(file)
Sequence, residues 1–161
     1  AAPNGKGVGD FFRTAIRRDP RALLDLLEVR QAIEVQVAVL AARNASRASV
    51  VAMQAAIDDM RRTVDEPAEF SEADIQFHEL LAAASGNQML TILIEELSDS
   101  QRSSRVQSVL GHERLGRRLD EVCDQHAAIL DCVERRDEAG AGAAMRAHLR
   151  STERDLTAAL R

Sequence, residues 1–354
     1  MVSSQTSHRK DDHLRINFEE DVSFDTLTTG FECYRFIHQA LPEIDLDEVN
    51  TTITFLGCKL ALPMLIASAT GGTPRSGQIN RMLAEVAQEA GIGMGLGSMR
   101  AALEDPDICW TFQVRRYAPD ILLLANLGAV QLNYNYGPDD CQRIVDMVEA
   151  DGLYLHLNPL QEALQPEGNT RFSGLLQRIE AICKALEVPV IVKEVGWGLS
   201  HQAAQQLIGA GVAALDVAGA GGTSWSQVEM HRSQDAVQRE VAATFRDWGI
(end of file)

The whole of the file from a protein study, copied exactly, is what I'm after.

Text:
Sequence, residues 1–161
     1  AAPNGKGVGD FFRTAIRRDP RALLDLLEVR QAIEVQVAVL AARNASRASV
    51  VAMQAAIDDM RRTVDEPAEF SEADIQFHEL LAAASGNQML TILIEELSDS
   101  QRSSRVQSVL GHERLGRRLD EVCDQHAAIL DCVERRDEAG AGAAMRAHLR
   151  STERDLTAAL R

Sequence, residues 1–354
     1  MVSSQTSHRK DDHLRINFEE DVSFDTLTTG FECYRFIHQA LPEIDLDEVN
    51  TTITFLGCKL ALPMLIASAT GGTPRSGQIN RMLAEVAQEA GIGMGLGSMR
   101  AALEDPDICW TFQVRRYAPD ILLLANLGAV QLNYNYGPDD CQRIVDMVEA
   151  DGLYLHLNPL QEALQPEGNT RFSGLLQRIE AICKALEVPV IVKEVGWGLS
   201  HQAAQQLIGA GVAALDVAGA GGTSWSQVEM HRSQDAVQRE VAATFRDWGI